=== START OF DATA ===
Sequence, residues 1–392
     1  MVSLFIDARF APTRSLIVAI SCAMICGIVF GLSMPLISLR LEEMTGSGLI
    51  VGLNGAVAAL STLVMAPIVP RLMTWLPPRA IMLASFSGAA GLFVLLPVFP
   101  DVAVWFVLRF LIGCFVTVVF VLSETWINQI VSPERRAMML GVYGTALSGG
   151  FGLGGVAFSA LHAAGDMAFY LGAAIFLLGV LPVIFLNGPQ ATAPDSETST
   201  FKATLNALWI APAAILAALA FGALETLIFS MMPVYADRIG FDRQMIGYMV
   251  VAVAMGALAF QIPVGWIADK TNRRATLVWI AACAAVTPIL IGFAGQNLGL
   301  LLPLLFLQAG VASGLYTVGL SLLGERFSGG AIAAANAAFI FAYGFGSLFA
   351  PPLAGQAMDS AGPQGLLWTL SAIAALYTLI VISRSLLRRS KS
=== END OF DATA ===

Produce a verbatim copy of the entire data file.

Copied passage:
Sequence, residues 1–392
     1  MVSLFIDARF APTRSLIVAI SCAMICGIVF GLSMPLISLR LEEMTGSGLI
    51  VGLNGAVAAL STLVMAPIVP RLMTWLPPRA IMLASFSGAA GLFVLLPVFP
   101  DVAVWFVLRF LIGCFVTVVF VLSETWINQI VSPERRAMML GVYGTALSGG
   151  FGLGGVAFSA LHAAGDMAFY LGAAIFLLGV LPVIFLNGPQ ATAPDSETST
   201  FKATLNALWI APAAILAALA FGALETLIFS MMPVYADRIG FDRQMIGYMV
   251  VAVAMGALAF QIPVGWIADK TNRRATLVWI AACAAVTPIL IGFAGQNLGL
   301  LLPLLFLQAG VASGLYTVGL SLLGERFSGG AIAAANAAFI FAYGFGSLFA
   351  PPLAGQAMDS AGPQGLLWTL SAIAALYTLI VISRSLLRRS KS